STANDISH – In an attempt to broaden arts and cultural offerings in the Lakes Region, Saint Joseph’s College in Standish is continuing the newly instituted SPArC Lecture Series this semester with three distinct offerings from southern Maine artists.
“SPArC” stands for speakers, performers, artists and culture, said organizer Chris Sullivan, assistant professor of fine arts at the college. The series hosted two speakers associated with the Portland Museum of Art last semester and has three artists set for the coming months.
The artists will show off their art, discuss the medium and conduct a question-and-answer session afterward.
Sullivan said the new lineup, which begins Wednesday evening, Jan. 30, expands the focus of SPArC to include the five senses, with multimedia artist Jeff Badger set to discuss his artwork. Singer-songwriter Samuel James leads a second lecture Feb. 13 and brewmaster Ben Alexander, owner of Maine Mead Works, completes the spring cycle March 13.
Sullivan said the college is hoping to expand its role of being a beacon of arts and culture in the Lakes Region. He said the lecture series invites not only students and faculty to attend but residents from the Lakes Region. Sullivan said a third of the audience at an event last fall in which the director of the Portland Museum of Art spoke about a Homer Winslow exhibit were residents of Standish and surrounding towns.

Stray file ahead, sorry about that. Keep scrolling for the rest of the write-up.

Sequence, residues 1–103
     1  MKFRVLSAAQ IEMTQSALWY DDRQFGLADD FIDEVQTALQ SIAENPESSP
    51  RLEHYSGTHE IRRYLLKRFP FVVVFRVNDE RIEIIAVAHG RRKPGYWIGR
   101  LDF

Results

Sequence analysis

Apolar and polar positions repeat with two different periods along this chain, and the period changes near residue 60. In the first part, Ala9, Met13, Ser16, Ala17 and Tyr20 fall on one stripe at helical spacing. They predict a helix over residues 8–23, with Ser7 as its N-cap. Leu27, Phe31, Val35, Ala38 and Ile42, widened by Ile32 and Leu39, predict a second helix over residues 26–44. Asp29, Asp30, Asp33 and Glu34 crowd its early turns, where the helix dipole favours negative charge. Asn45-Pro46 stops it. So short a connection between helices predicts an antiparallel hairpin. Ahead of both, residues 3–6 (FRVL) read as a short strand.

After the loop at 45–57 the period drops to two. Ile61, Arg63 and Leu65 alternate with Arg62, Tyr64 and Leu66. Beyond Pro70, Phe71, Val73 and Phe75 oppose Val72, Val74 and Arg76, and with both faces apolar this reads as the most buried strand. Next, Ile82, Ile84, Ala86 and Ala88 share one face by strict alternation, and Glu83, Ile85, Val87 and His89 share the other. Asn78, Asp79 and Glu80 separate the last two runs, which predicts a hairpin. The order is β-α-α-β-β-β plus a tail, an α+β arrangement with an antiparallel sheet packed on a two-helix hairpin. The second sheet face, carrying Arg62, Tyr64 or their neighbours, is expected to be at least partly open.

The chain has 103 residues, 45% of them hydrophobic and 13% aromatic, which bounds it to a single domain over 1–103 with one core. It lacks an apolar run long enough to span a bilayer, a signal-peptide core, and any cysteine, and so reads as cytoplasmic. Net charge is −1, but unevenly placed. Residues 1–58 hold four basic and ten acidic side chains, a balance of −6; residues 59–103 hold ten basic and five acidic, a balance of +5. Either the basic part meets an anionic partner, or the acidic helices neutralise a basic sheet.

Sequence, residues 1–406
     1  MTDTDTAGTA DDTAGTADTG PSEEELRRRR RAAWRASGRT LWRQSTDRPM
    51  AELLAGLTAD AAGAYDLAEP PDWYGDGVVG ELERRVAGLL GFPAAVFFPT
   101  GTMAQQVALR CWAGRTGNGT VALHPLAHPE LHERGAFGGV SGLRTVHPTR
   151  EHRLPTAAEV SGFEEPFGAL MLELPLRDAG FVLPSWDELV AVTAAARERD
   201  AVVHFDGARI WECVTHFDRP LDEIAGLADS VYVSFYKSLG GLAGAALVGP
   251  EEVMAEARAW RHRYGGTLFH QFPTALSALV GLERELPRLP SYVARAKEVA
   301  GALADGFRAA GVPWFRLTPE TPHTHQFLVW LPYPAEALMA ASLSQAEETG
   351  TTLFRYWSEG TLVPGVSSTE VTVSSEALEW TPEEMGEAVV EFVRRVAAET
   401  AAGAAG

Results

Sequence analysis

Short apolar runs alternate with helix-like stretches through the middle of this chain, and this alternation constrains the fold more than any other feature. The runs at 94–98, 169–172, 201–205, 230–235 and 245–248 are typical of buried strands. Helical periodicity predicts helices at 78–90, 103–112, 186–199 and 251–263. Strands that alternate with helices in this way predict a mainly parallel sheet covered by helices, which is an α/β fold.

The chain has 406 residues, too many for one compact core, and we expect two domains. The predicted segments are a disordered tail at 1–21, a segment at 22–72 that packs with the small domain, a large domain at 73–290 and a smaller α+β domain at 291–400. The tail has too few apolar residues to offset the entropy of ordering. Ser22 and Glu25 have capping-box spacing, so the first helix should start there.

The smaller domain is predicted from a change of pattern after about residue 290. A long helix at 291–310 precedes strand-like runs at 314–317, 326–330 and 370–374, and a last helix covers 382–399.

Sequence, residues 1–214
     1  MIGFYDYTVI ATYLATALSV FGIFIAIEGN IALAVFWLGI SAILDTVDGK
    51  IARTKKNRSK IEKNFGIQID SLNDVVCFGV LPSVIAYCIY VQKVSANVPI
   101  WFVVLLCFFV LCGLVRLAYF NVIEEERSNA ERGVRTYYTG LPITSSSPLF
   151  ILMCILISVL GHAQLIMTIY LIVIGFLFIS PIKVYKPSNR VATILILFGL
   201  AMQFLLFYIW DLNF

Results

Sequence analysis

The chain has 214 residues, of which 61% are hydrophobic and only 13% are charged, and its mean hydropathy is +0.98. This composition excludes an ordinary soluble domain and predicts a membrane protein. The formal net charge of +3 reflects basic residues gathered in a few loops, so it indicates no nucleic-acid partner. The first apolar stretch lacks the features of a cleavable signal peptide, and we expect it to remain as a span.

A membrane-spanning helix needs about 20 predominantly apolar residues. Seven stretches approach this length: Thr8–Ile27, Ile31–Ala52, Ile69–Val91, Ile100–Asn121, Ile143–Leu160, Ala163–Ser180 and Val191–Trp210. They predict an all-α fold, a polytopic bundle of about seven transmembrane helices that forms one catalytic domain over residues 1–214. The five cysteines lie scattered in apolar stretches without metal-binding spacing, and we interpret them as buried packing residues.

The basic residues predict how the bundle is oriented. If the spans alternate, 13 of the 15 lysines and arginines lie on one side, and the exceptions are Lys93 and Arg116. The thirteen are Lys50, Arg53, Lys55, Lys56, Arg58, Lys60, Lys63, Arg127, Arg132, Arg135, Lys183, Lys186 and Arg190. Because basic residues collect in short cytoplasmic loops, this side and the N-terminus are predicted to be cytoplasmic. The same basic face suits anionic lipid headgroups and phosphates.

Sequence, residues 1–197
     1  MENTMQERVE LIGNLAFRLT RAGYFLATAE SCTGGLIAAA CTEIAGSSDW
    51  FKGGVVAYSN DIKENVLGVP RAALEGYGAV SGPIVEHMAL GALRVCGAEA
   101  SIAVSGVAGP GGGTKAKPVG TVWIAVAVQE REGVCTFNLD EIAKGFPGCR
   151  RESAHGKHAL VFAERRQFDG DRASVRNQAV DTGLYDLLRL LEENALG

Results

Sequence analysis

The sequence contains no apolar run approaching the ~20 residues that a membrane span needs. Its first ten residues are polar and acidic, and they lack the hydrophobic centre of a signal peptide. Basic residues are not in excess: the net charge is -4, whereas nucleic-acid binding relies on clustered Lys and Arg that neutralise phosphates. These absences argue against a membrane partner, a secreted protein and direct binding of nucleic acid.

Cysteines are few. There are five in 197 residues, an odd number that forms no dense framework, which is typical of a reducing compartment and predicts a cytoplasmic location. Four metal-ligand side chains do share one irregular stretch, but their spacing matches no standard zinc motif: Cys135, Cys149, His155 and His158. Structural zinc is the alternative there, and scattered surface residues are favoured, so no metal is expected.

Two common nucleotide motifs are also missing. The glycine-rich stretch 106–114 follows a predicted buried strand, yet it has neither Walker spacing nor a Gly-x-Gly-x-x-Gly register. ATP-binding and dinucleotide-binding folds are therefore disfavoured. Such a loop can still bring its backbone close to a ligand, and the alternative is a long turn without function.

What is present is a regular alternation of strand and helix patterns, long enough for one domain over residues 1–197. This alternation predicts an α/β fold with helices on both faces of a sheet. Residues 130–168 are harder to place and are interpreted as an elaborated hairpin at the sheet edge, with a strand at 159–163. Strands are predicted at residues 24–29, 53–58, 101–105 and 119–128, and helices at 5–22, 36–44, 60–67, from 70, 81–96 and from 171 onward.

“I know that there’s a kind of divide between people who are willing to drive into the city and those who aren’t,” Sullivan said regarding the reasons for founding the arts and culture lecture series. “And I also know when people think of arts and culture, they think of Portland, but there are a bunch of people out in this area who would love to access some of this stuff but just are a little intimidated about going into the city.”
The involvement of the wider public in events at Saint Joseph’s is something college President Dr. James Dlugos has promoted, Sullivan said.
Dlugos said his reasons for encouraging community-wide participation reflects a shift in thinking on the part of colleges nationwide.
“The ivory tower model is the old model for universities. We were places that were walled off from the outside world. But it’s been obvious for quite a long time that that model has tremendous shortcomings,” Dlugos said. “A hallmark of 21st Century education is recognition that we’re not taking students away to learn things in isolation, we’re really helping them prepare to interact with the world.”
Dlugos said the college’s outreach effort should not only benefit students but also the community.
“We believe the community can benefit from the energy that our students and our faculty and our staff bring to the work that they do,” he said. “And St. Joseph’s College is committed to being a resource for the southern Maine and the Lakes Region in particular. And the SPArC lecture series is just one of what will be an increasing array of these kinds of initiatives. We want people to see St. Joseph’s as their college.”